Weighing in on the twists and turns in the case, Delhi-based criminal lawyer Nishant Kumar Shrivastav said the woman could indeed sue Shankar Mishra for defamation. “Once the trial is over and it is proved that the latest allegations were just a figment of imagination on the part of the accused, the lady will be within her rights to sue the accused for defamation. Prima facie it is a defence, if the news about the accused making such a claim is correct, taken by the accused and only the outcome of the trial would prove or disprove the correctness of the same,” he said.
He was circumspect about the suggestion about in-flight CCTV cameras. “I have reservations about it because there ought to be a limit on being under surveillance / under the watch of CCTV camera. If say tomorrow any untoward incidence happens in the lavatory area or inside the lavatory, would it be a sustainable demand to have CCTV installed in the lavatory? Also, the individual's right to privacy is going to be affected. Above all we are talking all this only because the airline did not act immediately and, as far as news coming from the media is taken into account, there is no one coming forward as an eye witness, including the airline staff,” he said.
CS Randhawa, secretary, Federation of Indian Pilots, who earlier served in the DGCA as Deputy Chief Flight Inspector (Western Region), said the idea wasn’t feasible. “Nowhere in the world do aircraft have CCTV cameras in the passenger cabin area. It would be a serious violation of passengers’ privacy. Furthermore, you can’t just rig up such a system onboard an aircraft. The manufacturing companies would need to do it, and even then all kind of certifications would be required. Who will bear the cost?” he said.
Veteran pilot SS Panesar, who was director of flight safety and training with the erstwhile Indian Airlines, however, said the idea was worth exploring if it could help investigating agencies get to the bottom of such incidents.
“There is already a system of keeping a record of serious incidents involving unruly passengers which go all the way to the top executive of an airline, but in this case, everyone was apparently asleep on the job. So yes, we should explore all alternate mechanisms to ensure accountability and justice in the future,” he said.
Mishra was arrested on January 6 after the accusations came to light more than a month after the incident in late November. He had been on the run from authorities for days, and had been sacked by US banking giant Wells Fargo.
He was allegedly drunk during the journey from New York to New Delhi on November 26 when he allegedly unzipped his pants and urinated on the 72-year-old woman seated in business class.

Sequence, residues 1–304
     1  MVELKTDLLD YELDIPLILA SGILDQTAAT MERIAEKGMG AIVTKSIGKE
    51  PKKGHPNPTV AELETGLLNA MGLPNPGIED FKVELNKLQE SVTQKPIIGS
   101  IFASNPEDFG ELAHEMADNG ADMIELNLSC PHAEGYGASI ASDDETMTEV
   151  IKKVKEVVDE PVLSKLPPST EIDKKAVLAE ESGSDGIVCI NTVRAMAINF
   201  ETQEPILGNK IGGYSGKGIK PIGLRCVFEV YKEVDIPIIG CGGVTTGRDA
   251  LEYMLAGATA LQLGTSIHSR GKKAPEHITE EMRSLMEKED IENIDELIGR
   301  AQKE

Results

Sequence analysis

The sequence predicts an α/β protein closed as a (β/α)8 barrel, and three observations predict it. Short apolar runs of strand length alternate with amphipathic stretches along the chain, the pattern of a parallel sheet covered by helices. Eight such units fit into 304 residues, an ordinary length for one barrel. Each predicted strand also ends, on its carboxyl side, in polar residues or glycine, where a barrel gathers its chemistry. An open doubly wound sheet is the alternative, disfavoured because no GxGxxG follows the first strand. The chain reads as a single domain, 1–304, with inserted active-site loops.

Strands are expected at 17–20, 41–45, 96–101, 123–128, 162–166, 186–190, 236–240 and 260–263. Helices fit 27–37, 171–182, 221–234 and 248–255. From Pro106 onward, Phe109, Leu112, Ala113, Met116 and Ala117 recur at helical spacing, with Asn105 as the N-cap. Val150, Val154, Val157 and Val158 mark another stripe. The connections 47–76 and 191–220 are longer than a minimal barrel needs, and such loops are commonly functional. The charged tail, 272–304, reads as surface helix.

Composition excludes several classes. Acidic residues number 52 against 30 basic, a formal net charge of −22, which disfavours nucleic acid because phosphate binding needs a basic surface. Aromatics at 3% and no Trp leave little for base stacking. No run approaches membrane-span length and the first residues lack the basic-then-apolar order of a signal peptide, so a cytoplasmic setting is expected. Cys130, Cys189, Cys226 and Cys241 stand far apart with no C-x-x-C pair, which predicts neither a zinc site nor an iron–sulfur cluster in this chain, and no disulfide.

A nationwide outrage followed after the incident came to light with a few more incidents being reported on unruly passengers on flight that caused the Directorate of Civil Aviation to issue show-cause notices.
An FIR was lodged by Delhi Police belatedly, which had reportedly not been filed in the beginning after the accused allegedly requested the aggrieved passenger to not file a complaint as he had a family. Mishra also reportedly got his co-passengers’ belongings cleaned and paid her Rs 15,000 as compensation which the woman returned.
Incidentally, a media report now claims to be in possession of the seating plan in the Boeing B777-300ER Business Class, in which the two were travelling, as per which, it contended, the woman's seat was a window seat, which may not have been easily accessible to the accused, which dovetails with the contentions made by Mishra's lawyer.
However, the same report went on to concede that in Business Class, the chairs have a lot of space around, unlike the Economy Class, and if the aisle seat next to the woman complainant was not reclined or if the person occupying it was missing when the alleged incident happened, the access wouldn't be a issue.
It also can't be ruled out if the passengers exchanged seats midflight, which is not an uncommon phenomenon.
It remains to be seen if and when other passengers and crew members come forward or are summoned to render their version of the alleged incident as eye-witnesses.
The question also remains, say lawyers, that if one assumes Mishra's stance to be correct that the woman urinated on herself due to incontinence issues and that he was too intoxicated to be aware of his own actions, why would she point a finger at him in particular?